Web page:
The university’s president and its dean of students responded swiftly through a campus-wide mailing list, stating that this hateful message did not reflect the university’s values. UMCR immediately followed up with another Facebook post describing how this rather lukewarm email “horrified” them, making them afraid for the safety of its membership, and threatening to “hold [the dean] personally responsible” if any of them were “attacked, bullied or intimated[sic]”. It concluded with an exhortation to call the president’s office directly and complain.

All this, of course, lies perfectly in keeping with the behavior of the national Republican party under Donald Trump. I imagine that UMCR sees their activity as “counterpunching”, as Trump’s allies tend to describe his entirely reactive political style. But those who live outside Trump’s personality cult call it nihilism, sowing chaos and discord for its own sake. And when aimed at fearing and hating immigrants or Americans of color, it reflects the very worst of the contemporary Republican agenda: nihilism in the service of white nationalism.

UMCR’s has dedicated its online presence to the grievance-based politics that defines Trumpism. Its homepage mentions no policy or goals, except for a “fight” against “socialism”. Aside from the Columbus Day content, its Facebook page features the expected wall of memes, alternating between heroic portraits of Trump and unflattering photos of Hillary Clinton — the party’s own Emmanuel Goldstein — all adorned with extremely suspect quotes. It fills its equally active Twitter and Instagram timelines with conspiracy theories and mockery aimed at Trump’s enemies, mixed in with micro-screeds against immigrants, the free press, transgender people, and every other recipient of its leader’s ire.

I attended UMaine during the ascendency of Newt Gingrich’s Republican party, a quarter century ago. Its “Contract with America” at least had the pretense of offering a forward-looking political agenda. Some of us may have disagreed with the direction of that agenda, but we had little reason to question the basic legitimacy of the Republicans as participants in American democracy. We also recognized that UMCR had as much right to presence on-campus as any other significant political group.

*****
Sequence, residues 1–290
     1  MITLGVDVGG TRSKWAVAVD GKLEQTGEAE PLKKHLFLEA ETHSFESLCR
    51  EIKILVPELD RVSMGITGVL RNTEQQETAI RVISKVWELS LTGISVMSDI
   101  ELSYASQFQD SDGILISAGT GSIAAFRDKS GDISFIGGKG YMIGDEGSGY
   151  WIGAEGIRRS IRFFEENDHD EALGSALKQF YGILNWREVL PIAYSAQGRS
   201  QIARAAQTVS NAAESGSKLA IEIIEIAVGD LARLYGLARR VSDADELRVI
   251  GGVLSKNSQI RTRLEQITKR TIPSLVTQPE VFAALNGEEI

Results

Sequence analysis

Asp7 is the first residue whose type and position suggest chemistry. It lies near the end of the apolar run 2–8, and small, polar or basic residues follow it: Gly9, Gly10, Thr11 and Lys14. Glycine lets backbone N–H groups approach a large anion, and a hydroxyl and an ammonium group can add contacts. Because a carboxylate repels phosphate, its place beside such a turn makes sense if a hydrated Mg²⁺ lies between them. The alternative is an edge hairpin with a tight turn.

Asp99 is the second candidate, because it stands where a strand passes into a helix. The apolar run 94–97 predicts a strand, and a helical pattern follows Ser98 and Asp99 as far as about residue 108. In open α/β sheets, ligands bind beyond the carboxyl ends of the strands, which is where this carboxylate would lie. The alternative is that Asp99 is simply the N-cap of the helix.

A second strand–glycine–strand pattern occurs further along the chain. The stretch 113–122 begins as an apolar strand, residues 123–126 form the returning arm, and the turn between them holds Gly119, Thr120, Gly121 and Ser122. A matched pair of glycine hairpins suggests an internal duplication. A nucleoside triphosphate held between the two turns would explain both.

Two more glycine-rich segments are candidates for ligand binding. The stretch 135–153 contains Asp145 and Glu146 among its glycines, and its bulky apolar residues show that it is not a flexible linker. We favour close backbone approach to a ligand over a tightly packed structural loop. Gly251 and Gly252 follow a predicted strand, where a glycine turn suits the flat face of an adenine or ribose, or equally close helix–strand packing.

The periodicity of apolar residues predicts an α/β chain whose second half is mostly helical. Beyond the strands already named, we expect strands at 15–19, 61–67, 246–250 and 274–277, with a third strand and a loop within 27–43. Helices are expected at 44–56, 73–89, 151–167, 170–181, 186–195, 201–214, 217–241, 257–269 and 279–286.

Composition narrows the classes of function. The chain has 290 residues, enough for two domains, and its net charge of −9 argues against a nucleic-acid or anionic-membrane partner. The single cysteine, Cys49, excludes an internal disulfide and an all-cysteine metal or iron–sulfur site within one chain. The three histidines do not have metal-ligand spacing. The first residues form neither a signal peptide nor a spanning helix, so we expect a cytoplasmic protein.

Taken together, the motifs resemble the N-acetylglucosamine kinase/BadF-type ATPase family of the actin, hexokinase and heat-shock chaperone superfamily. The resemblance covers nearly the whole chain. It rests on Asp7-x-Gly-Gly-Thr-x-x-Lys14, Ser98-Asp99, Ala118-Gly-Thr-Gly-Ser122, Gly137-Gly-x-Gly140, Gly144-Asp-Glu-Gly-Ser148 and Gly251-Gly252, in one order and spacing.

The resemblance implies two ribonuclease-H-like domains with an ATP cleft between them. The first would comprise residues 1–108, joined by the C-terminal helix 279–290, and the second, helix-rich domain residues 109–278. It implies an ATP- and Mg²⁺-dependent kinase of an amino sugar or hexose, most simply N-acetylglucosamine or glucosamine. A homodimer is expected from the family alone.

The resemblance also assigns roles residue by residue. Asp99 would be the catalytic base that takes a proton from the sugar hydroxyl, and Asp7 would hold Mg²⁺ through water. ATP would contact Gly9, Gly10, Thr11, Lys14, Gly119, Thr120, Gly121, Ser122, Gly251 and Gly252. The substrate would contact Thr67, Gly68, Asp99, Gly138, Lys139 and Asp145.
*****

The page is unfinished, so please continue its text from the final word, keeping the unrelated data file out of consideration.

That vision of UMCR drowned in the same tide of white-nationalist rage that swept away the rest of the pre-2008 Republican party. Today’s UMCR has made abundantly clear that it has adopted the new party line eagerly. The organization I remember as a grudgingly accepted conservative bastion in a granola-hippie college campus has transformed into another factory of right-wing hate, burning white racial animosity as its fuel and expelling choking clouds of informational poison. As with the national party, it possesses no apparent goals other than societal wreckage in the service of Donald Trump and his angry base.

Here, meanwhile, is the first two paragraphs of UMaine’s mission statement, with emphasis added by me:

The University of Maine advances learning and discovery through excellence and innovation in undergraduate and graduate academic programs while addressing the complex challenges and opportunities of the 21st century through research-based knowledge.

Opportunity for all members of the University of Maine community is a cornerstone of our mission. The university welcomes students, research partners and collaborators into an atmosphere that honors the heritage and diversity of our state and nation.

With this mission in mind, I urge the University of Maine to give the College Republicans a fresh look — one based on its activity since the start of the Trump era, and continuing through its present statements implying support for indigenous genocide. I would hope for it to conclude that UMCR, through its willful and fear-driven misinformation, works only to confuse and corrupt the values of knowledge and diversity that UMaine makes its mission to instill in its students and promote in its wider community.

In their email, the president and dean extolled the virtues of countering speech with more speech. This view, certainly correct in the general case, does not preclude one from declining to actively offer resources to those speaking disagreeably — let alone harmfully. UMaine has no obligation to give an organization like UMCR a platform, not when it uses it to work directly and flagrantly against the university’s own goals and ideals.

I invite the individual members of UMaine’s College Republicans to re-examine their own choices, to look around at the broad, multi-hued, and many-voiced American society that has given them the freedoms and fortunes they enjoy, and question the wisdom of polluting it with regressive ideas. But until they do, I hope that that UMaine itself will invite that group to pursue those ideas elsewhere.

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Detail of an ancient Greek mosaic portrait of a person's face, cropped to show only their eyes.